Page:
Given this, it is natural that my book ‘is primarily comparative rather than developmental’ in its discussion of bastard feudalism, and is not able to offer detailed commentary on the developments of the 14th century. My purpose was to tackle 13th-century assumptions that our period is the same as the 15th in terms of noble power and to offer some early thoughts about how we might have got, in Dr Bothwell’s words, from ‘point a’ to ‘point b’. It is for 14th-century scholars to fill the gap and this book is meant in part to act as a spur for this to happen. I have made some preliminary research on Henry, earl of Lancaster’s (d.1345) affinity in the book (pp. 130–1) and intend to write more in the future on the Lancastrian affinity from the 1320s to the 1340s, while the work of Christine Carpenter just published and her Ford Lectures in 2016 on the 14th century will hopefully stimulate more detailed work on Edward III’s nobility by scholars of that reign.(6a)
- P. R. Coss, ‘Bastard feudalism revised’, Past and Present 125 (1989), 27–64.Back to (1a)
- D. Crouch, The English Aristocracy, 1070–1272: a social transformation (New Haven, CT, and London, 2011), pp. 150–9, esp. n. 75.Back to (2a)
- J. R. Maddicott, Thomas of Lancaster, 1307–1322: a study in the reign of Edward II (Oxford, 1970); J. R. S. Phillips, Aymer de Valence, Earl of Pembroke, 1307–1324: Baronial Politics in the Reign of Edward II (Oxford, 1972); S. Walker, The Lancastrian Affinity, 1361–99 (Oxford, 1990).Back to (3a)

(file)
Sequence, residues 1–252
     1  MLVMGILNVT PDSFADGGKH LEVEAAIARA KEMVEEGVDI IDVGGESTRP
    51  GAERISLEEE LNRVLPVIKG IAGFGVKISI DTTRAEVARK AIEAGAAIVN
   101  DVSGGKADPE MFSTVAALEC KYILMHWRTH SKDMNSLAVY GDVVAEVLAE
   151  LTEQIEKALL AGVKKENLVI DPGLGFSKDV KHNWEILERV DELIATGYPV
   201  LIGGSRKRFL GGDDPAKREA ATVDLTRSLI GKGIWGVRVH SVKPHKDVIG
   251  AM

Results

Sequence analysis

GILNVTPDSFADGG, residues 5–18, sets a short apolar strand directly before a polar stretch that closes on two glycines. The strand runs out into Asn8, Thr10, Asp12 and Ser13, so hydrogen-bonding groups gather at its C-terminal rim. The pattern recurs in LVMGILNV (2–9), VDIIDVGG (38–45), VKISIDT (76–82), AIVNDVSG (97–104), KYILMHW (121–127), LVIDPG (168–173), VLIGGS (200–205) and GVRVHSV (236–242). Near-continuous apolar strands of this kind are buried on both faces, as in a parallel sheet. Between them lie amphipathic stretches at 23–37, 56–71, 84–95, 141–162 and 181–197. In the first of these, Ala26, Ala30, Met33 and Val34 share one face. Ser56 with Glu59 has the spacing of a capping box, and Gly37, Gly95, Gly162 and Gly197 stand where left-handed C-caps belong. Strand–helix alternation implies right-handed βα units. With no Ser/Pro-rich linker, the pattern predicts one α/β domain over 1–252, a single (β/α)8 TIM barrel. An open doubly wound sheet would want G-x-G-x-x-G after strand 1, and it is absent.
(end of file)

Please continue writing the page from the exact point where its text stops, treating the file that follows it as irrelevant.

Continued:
- G. A. Holmes, The Estates of the Higher Nobility in Fourteenth-Century England (Cambridge, 1957); N. E. Saul, Knights and Esquires: the Gloucestershire gentry in the fourteenth century (Oxford, 1981); Scenes From Provincial Life: Knightly Families in Sussex, 1280–1400 (Oxford, 1986).Back to (4a)
- A. Ayton, Knights and Warhorses: Military Service and the English Aristocracy under Edward III (2nd edition, Woodbridge, 1999); A. Ayton and P. Preston, The Battle of Crecy, 1346 (Woodbridge, 2007); K. Fowler, The King’s Lieutenant: Henry of Grosmont, first duke of Lancaster, 1310–1361 (New York, 1969); D. Green, The Black Prince (revised edition, The History Press, 2008); J. S. Bothwell, Edward III and the English Peerage: Royal Patronage, Social Mobility and Political Control in 14th-century England (Woodbridge, 2004).Back to (5a)
- C. Carpenter, ‘Bastard feudalism in the fourteenth century’, in Kings, Lords and Men in Scotland and Britain, 1300–1625: Essays in Honour of Jenny Wormald, ed. S Boardman and Julian Goodacre (Edinburgh, 2014).Back to (6a)